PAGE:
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Med Hypotheses. 2006;66(6):1205-8. Epub 2006 Jan 30.

Stress-induced change of mitochondria membrane potential regulated by genomic and non-genomic GR signaling: a possible mechanism for hippocampus atrophy in PTSD.

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Department of Psychiatry, USUHS, Bethesda, MD 20814, USA.


Posttraumatic stress disorder (PTSD) is a common psychiatric disorder often accompanied by morphologic changes in the hippocampus. Brain imaging studies have demonstrated a strong relationship between PTSD and a reduction in the volume of the hippocampus; however, the mechanisms that cause such atrophy are not well understood. In an attempt to expand our knowledge of these mechanisms, our theory has focused on the role of mitochondria in cell death, which may be associated with atrophy of the hippocampus. In addition to their function in respiration, mitochondria play an important role in the regulation of cytochrome c, an apoptotic signaling element. Normally, cytochrome c resides in the intermembrane space of mitochondria, where membrane potential exists-negative inside of about 180-200mV. In response to a variety of apoptotic stimuli, mitochondria membrane potential can be changed by genomic and non-genomic cortisol action. For the non-genomic action, stress increases cortisol levels, which activates the glucocorticoid receptor (GR). Stress-activated GR directly binds to mitochondrial membranes to regulate membrane potential. The GR will also produce a genomic action, in which GR, in interacting with several other molecules (such as heat shock proteins 90/70/40, etc.), translocates into the nucleus of the cell, where it binds to DNA and exerts transcriptional action. As one of the downstream modulaters of GR activation, Bax can be up regulated and translocated to the mitochondria, where it binds to modulator of apoptosis-1 (MAP-1), a mitochondrial effector of BAX to cause change Deltapsi. These non-genomic and genomic cortisol-induced changes of the mitochondrial membrane potential can result in the release of cytochrome c from the mitochondria to the cytoplasm where the cytochrome c promotes of the action of caspases which leads to apoptosis. Therefore, we hypothesis that stress-induced changes of mitochondrial membrane potential are regulated by non-genomic and genomic actions of cortisol in hippocampal neurons. Understanding the molecular mechanism for stress-induced cell death in the hippocampus may shed a new light on developing a mitochondrial membrane potential related therapeutic drug and/or diagnostic tool for PTSD.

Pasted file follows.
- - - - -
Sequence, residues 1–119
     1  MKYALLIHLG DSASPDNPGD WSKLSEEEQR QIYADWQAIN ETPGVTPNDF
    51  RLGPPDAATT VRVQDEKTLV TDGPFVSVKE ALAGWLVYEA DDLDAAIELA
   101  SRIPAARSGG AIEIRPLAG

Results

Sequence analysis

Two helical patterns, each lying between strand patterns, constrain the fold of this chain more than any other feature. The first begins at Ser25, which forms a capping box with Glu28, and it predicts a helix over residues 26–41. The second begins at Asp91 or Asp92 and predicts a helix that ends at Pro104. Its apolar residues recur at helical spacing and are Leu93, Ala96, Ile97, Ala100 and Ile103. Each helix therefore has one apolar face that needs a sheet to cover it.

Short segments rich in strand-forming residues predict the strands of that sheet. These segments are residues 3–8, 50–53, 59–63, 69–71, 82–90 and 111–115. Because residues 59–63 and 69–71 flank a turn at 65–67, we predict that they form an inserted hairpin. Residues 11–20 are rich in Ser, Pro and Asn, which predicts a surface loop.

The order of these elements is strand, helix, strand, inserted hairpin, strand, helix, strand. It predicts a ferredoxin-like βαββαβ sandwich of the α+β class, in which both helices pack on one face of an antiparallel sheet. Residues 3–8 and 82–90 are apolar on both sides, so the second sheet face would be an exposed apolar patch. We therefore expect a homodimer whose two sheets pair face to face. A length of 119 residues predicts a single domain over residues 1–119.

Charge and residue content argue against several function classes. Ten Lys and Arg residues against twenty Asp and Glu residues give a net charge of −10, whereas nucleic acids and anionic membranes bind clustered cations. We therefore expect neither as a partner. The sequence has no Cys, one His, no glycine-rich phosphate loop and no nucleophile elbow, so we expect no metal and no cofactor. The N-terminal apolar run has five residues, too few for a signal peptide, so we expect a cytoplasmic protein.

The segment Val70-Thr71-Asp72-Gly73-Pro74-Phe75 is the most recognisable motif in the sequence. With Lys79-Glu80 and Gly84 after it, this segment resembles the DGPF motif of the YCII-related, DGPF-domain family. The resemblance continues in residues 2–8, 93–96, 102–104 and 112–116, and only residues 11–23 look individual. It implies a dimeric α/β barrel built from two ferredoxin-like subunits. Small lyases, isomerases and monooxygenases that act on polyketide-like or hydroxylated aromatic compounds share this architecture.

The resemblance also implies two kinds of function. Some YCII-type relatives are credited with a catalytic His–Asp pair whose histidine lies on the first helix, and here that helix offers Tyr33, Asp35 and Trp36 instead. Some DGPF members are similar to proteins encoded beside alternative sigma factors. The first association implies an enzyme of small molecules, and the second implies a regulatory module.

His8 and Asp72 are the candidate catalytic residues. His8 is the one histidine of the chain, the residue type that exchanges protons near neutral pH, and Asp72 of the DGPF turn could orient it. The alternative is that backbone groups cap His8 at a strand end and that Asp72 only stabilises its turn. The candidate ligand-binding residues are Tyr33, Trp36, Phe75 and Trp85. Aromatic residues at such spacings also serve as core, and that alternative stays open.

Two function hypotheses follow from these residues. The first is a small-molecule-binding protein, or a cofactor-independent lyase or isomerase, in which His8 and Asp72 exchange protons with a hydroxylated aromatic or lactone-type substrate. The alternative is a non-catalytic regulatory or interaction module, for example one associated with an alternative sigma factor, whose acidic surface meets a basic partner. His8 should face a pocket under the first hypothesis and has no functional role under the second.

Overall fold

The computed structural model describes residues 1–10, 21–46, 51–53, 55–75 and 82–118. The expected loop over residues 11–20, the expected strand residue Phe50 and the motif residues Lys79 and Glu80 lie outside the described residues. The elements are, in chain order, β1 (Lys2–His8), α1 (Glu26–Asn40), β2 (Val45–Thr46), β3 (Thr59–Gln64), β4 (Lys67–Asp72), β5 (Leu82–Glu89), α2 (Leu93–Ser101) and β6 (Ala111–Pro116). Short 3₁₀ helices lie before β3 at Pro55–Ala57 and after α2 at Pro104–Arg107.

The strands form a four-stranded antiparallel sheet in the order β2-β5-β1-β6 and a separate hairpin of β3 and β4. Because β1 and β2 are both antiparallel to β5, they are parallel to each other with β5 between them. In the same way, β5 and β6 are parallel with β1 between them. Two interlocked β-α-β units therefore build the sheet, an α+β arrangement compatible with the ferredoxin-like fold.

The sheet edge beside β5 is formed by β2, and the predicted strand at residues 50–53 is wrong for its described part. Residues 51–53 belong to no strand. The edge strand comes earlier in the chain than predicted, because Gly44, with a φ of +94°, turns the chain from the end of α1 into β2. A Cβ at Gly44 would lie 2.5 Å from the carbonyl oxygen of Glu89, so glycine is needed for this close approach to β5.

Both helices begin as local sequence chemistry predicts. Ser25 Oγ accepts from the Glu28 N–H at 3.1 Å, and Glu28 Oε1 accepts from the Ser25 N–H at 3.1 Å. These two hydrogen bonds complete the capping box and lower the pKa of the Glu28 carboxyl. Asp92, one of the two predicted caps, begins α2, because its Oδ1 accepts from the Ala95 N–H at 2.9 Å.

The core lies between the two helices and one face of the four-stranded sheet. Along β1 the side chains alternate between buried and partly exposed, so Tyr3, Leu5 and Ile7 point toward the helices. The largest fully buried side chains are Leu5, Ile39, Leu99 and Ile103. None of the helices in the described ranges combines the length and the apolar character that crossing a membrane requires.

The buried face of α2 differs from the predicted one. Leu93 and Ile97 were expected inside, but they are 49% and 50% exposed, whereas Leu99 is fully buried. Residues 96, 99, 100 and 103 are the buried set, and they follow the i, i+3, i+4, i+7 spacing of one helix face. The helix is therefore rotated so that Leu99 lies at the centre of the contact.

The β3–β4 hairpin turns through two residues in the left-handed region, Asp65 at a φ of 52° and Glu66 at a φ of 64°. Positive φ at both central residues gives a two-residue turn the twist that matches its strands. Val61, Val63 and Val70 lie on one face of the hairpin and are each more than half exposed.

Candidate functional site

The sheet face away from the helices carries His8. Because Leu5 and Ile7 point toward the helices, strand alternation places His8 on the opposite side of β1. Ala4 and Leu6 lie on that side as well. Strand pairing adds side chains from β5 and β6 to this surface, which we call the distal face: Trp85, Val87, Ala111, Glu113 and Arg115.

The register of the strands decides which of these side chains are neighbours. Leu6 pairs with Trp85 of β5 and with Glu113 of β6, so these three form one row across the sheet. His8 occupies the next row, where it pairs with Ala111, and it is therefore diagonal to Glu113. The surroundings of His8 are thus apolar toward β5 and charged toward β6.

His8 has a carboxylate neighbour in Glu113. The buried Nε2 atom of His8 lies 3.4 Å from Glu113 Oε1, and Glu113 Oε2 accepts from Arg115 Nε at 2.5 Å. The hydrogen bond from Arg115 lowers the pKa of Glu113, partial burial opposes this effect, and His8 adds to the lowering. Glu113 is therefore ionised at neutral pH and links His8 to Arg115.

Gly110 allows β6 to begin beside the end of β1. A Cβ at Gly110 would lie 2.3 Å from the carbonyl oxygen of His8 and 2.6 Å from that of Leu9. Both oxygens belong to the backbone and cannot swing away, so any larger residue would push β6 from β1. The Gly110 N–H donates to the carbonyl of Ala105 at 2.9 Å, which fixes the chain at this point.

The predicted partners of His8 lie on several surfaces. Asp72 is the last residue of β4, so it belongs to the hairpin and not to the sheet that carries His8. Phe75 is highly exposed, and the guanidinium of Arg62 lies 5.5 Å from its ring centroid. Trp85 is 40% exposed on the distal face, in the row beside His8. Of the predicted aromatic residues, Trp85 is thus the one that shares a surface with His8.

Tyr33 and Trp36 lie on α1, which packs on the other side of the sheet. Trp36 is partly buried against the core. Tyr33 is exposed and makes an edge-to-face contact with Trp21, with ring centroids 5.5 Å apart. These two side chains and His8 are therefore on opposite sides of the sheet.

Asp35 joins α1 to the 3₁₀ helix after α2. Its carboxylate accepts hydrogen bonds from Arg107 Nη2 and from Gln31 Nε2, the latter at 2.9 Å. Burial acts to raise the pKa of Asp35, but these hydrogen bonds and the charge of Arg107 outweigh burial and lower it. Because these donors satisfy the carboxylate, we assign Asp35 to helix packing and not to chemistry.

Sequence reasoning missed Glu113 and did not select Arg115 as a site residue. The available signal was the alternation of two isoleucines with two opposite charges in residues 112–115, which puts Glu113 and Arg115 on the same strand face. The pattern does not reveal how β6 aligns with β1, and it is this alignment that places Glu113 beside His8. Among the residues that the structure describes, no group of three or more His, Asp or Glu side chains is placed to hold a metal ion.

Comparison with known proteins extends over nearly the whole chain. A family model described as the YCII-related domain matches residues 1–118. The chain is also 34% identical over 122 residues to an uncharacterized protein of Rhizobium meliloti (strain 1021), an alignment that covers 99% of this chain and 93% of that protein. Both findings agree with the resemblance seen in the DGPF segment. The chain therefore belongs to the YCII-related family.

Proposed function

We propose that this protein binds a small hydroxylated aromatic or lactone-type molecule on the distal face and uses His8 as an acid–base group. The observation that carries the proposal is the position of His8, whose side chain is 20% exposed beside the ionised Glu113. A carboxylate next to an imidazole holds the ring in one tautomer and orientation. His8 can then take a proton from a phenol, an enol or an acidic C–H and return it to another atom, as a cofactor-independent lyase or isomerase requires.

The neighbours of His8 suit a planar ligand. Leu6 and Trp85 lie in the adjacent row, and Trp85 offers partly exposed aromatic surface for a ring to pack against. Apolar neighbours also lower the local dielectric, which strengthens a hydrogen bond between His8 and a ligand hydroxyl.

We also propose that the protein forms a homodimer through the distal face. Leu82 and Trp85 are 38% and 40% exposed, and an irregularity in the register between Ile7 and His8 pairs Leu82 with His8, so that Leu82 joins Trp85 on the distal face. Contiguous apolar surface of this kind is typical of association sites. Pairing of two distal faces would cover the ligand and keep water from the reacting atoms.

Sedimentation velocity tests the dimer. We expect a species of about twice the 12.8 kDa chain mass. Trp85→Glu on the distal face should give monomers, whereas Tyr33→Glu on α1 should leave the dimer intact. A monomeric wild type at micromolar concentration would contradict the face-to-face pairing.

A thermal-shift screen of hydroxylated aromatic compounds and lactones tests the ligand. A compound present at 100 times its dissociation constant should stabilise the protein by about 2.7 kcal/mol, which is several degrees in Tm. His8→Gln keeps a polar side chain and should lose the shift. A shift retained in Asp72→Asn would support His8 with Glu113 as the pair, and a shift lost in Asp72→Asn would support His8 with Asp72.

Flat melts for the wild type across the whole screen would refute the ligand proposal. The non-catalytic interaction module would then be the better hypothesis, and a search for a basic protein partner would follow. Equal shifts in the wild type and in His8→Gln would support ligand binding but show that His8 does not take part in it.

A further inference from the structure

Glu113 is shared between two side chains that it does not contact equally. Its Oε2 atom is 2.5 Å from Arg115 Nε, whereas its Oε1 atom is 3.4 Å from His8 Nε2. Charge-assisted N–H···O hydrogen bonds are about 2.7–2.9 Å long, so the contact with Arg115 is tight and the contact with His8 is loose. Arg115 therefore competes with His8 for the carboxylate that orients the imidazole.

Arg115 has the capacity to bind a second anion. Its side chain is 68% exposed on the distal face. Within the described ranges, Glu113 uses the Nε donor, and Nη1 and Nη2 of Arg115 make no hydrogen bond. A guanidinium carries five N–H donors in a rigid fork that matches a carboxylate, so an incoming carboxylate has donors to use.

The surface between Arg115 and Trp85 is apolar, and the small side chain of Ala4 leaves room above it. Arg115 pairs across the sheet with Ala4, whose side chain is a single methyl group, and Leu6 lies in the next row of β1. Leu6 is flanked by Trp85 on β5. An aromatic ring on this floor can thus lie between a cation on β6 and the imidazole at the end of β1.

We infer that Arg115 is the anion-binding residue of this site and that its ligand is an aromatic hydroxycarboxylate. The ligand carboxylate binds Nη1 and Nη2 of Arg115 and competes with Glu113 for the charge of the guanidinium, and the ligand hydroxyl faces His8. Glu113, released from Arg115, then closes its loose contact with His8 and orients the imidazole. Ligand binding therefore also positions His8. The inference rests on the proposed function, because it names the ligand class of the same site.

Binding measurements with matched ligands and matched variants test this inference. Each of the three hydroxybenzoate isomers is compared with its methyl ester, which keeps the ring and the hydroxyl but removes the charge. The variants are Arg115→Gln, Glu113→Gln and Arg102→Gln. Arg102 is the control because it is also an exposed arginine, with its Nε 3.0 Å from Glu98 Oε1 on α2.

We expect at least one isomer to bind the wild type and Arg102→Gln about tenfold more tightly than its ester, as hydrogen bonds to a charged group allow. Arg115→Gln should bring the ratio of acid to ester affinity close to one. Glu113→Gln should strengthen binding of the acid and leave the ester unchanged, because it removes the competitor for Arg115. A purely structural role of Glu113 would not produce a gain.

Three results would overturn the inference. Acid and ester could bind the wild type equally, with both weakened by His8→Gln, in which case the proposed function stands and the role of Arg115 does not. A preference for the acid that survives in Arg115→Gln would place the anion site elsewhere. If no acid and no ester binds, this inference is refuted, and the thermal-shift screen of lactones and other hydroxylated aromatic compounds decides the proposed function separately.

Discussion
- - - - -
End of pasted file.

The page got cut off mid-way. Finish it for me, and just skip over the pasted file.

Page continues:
[Indexed for MEDLINE]

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